Saltwater – Five tips to hook and land more fish



There are so many ways we handicap ourselves on fishing trips. Here are five stupid things I see all the time. I call it “angler error.” Just eliminate these five mistakes and you will almost assuredly hook and then land more fish.

  1. Using bad baits

Bait selection and presentation are critical. Professional party and charter boat captains agree, “The single biggest problem keeping anglers from hooking more fish is not selecting a good bait and not casting well; not getting their bait out to where the fish are.”

Always select the best possible bait. All predator fish expect to encounter strong, healthy anchovies, sardines or mackerel in their wild environment without hooks and line dangling from their bodies. The top anglers select only the strongest, healthiest baits in the bait tank, carefully and gently scoop them and caress them in their hand while they carefully hook them through the nose, across the shoulder or just under the anal fins in the most noninvasive way possible.


Look for the lightest-colored sardine, with boldly defined round black spots on its back. It is usually swimming beneath the others and most erratically when it notices your hand or net. Don’t do a death grip on the bait and once it is on the hook release it back into the bait tank immediately. Then pinch the line 10 inches up from the hook and walk your bait to the rail where you will gently cast it into the water as quickly as possible. If you see a lot of scales on your rod butt, you are man handling your bait.

Solution: Master bait selection

  1. Not being able to cast or control your bait

So, you have the perfect bait. Now you need to execute the perfect cast and control your bait. The chum is landing 30 feet off the downwind corner of the stern. You see fish boiling on the chum. Crew members are yelling “Boil on the chum!” If you can cast 30 feet and land your bait gently in the same zone where the chum is landing, it frequently results in an instant bite. If you can’t cast and just drop your bait over the rail, chances are your poor bait will dart under the boat for protection. You likely won’t get bit, there’s a good chance you will be in a tangle and if you do get bit, you will likely lose the fish in the props or rudders.

Knowing when to nose, collar or butt hook baits will also increase your success.  Knowing when to fly-line versus using a sliding sinker is also important. Without a very detailed article on these techniques, my best advice is to be hyper aware of what technique is working “right now” and convert immediately. Listen to and watch your fellow anglers who are hooking fish and ask your crew member for their advice.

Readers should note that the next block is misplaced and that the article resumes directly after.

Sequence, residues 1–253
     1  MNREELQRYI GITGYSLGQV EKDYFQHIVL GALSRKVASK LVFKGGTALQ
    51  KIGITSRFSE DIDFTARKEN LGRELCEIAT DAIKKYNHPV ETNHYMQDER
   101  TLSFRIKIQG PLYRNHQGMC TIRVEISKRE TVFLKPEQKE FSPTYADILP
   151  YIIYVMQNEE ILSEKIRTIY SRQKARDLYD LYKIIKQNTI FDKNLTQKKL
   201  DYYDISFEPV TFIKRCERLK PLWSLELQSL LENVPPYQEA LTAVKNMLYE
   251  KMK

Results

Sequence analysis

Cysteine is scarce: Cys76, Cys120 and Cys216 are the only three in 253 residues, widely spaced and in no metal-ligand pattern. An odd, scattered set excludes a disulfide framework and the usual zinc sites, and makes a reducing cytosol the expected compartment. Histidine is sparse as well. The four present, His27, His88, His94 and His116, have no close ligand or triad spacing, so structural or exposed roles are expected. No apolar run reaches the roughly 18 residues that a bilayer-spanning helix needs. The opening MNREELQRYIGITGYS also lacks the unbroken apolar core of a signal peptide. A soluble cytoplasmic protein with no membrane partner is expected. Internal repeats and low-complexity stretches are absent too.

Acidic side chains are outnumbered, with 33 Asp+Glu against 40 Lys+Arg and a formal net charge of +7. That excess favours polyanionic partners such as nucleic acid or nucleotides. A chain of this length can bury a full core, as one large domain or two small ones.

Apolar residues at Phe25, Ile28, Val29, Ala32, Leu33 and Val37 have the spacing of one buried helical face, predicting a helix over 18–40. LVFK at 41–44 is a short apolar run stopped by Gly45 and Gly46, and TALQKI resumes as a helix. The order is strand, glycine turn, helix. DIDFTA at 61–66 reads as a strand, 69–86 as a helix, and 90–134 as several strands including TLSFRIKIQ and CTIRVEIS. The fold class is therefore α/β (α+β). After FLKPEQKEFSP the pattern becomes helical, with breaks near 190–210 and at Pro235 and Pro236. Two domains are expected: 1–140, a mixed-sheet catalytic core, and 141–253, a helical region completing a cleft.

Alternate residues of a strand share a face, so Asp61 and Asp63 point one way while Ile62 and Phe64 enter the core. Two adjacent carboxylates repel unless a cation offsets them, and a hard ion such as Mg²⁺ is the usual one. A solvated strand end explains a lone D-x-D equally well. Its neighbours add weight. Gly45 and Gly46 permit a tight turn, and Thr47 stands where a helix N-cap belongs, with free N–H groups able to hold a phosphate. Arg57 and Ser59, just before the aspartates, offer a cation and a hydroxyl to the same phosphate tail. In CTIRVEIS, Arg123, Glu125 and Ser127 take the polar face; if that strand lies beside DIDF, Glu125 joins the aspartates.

Using the perfect bait with a perfect presentation will dramatically increase  your hookup percentages.

Solution: Learn how to cast a small bait 30’ and practice at your local park

  1. Tying knots that fail

Curly Q’s and half circles are evidence of bad knots. A curly Q means the knot unraveled and a tiny half circle means the knot cut itself on the eye of the hook.  Bad knots lose fish and they are very easy to avoid. If you have ever experienced a knot failure, I hope you are open to learning a new knot, or how to tie your knot precisely. Just learn one good knot for each application and practice it for 5 minutes every month through the non-fishing season. Four knots for 4 applications:

UGLY AND EMBARASSING – Bad knots fit the bill for both.
  1. Mono or fluoro to the hook or jig — I use the Spangler.
  2. Mono-to-fluoro connection — I use the Seaguar.
  3. Spectra to mono or fluoro connection — I use a double Albright.
  4. Dropper loop — I use the Surgeon’s Loop.

Don’t be tempted to learn and practice five different knots for the same application. All the good knots work well if tied perfectly and all the good knots fail when tied imperfectly. Only confusion and failure result when you know five knots marginally but none perfectly. All of the crew members and fishing pros have their favorite knots, and they never fail because their knots are tied perfectly. Types of knots (or crimping versus knots) are personal preference. They all work when done correctly and all fail when done incorrectly.

Solution: Learn 4 basic knots perfectly – practice 5 minutes every month

  1. Using old or bad line

Oh my!, you spend thousands of dollars on a trip and use old, cheap or damaged line.  Bad line is a major impediment to hooking fish and bad line is a major cause for losing fish once they are hooked. Monofilament line has memory, and the tight coils it develops in just a

AVOID BAD KNOTS at all costs!